Delta pilots picket at Salt Lake City International Airport in Salt Lake City on Thursday. The pilots are protesting Delta management’s scheduling practices, which they say have caused pilots to fly long and often tiring trips. (Mengshin Lin, Deseret News)
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SALT LAKE CITY — Sometimes silence can speak volumes.
That was more true than ever Thursday at the Salt Lake City International Airport, where Delta Air Lines pilots came together in silent solidarity, holding signs to protest the airline giant’s scheduling practices that they say have caused pilots to fly long days and nights or work additional days to keep the airline in operation.
did @slcairport where Delta pilots are protesting the companies scheduling practices that they say have caused pilots to fly long days or work additional days to keep the airline in operation. pic.twitter.com/8GtkLrNP9k
— Logan Stefanich (@loganstefanich) April 7, 2022
“We’re out here today to send a message to Delta management: Our pilots are tired, they’re fatigued,” said Evan Baach, a Delta pilot. “The company is not staffing the airline appropriately with pilots; they’re staffing more flights with fewer pilots.”
Baach said this staffing practice has many pilots concerned that there isn’t enough “wiggle room” in the system to account for a bad weather day or other operational issues that can cause flight delays or cancellations.
During Thursday’s picketing at the Salt Lake City International Airport, over 50 pilots congregated outside of the Terminal 1 departure area holding signs that read, “If I look tired, it’s because I am,” and “Fatiguing schedules = poor reliability.”
Last December’s period of bustling holiday travel that stretched into early January led to a combination of factors that caused thousands of flight cancellations for Delta and other carriers. Among those factors were short-staffing, winter storms and a surge in COVID-19 cases that meant more pilots were out sick.
“We’ve flown record amounts of overtime during the pandemic to help Delta operate its schedule and get our passengers safely to their destinations. In many cases, pilots are flying long after their day or trip was supposed to end. Delta cannot continue to operate the schedule at redline with no room for error,” said Jason Ambrosi, chairman of the Delta Master Executive Council of the Air Line Pilots Association.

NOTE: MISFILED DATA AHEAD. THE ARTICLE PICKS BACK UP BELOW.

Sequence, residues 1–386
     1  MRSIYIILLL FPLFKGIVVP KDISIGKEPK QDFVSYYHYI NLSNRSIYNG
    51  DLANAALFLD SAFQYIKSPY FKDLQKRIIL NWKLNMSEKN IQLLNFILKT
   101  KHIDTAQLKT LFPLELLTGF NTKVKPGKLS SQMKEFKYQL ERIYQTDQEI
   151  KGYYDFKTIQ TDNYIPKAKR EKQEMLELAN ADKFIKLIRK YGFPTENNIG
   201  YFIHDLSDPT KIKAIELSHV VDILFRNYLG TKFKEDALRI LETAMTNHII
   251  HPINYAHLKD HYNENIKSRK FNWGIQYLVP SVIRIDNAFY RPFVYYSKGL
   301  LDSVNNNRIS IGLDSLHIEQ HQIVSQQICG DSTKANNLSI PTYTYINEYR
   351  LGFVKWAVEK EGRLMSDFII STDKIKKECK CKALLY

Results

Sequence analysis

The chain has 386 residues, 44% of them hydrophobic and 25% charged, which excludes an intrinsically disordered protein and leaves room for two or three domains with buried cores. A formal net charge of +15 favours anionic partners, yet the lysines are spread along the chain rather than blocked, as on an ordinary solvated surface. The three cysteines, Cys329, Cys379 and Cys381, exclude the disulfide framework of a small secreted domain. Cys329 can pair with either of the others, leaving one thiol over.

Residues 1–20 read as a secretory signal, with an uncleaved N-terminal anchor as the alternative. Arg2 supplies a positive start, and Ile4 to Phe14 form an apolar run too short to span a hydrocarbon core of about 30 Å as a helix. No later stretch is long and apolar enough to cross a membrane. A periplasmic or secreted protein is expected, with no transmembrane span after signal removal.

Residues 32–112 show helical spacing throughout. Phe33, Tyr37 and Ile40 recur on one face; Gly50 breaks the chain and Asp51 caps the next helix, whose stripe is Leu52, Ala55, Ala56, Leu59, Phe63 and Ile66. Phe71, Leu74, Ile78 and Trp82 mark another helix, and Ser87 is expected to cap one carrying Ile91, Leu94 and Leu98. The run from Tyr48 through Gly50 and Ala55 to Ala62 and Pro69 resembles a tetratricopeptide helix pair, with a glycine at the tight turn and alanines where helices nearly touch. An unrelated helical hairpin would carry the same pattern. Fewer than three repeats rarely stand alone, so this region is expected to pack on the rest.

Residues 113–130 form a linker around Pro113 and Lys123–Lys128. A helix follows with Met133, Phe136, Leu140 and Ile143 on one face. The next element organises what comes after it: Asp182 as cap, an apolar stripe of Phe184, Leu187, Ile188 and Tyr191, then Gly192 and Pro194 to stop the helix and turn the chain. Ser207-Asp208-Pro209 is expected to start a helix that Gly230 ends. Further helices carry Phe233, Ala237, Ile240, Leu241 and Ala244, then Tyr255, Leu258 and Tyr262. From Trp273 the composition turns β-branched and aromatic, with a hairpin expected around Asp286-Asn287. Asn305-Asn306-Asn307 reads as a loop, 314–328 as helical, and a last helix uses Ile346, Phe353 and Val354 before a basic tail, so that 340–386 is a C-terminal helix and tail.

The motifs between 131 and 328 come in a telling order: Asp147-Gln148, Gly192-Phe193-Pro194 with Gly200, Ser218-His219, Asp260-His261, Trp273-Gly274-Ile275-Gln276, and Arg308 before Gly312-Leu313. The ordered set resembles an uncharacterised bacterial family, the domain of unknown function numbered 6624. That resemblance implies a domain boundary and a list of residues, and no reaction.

The Delta pilots are currently in negotiations with management for a new contract. These talks resumed in January after a two-year hiatus due to the pandemic. The Air Line Pilots Association is proposing solutions to scheduling issues as part of these negotiations, but is also asking management to address fatiguing schedules now.
“Delta has acknowledged our issue and we want them to work with us and find common-sense solutions now,” Baach said. “We want them to match their words with their actions.”
KSL.com reached out to Delta for comment but did not get an immediate response.
Baach said that the pilots union wants Delta to match the level of flying that the airline schedules with the number of pilots available to work.
“Our pilots are actually out here today on their off-day,” Baach said. “This is an issue that they care about so greatly that they’re taking time away from home (and) away from family to come out here and make their voice known to Delta management.”
Salt Lake City is one of the main hubs for Delta, which is headquartered in Atlanta.
In March, Delta pilots picked at the Hartsfield-Jackson International Airport in Atlanta outside the Delta check-in lobby to raise public awareness of the staffing issue. Additional picketing is planned at airports in Detroit, Seattle and Minneapolis later in April.
Delta’s 13,500 pilots are represented by the Air Line Pilots Association. Founded in 1931, Air Line Pilots Association is the world’s largest pilot union, representing more than 62,000 pilots at 38 airlines in the United States and Canada.
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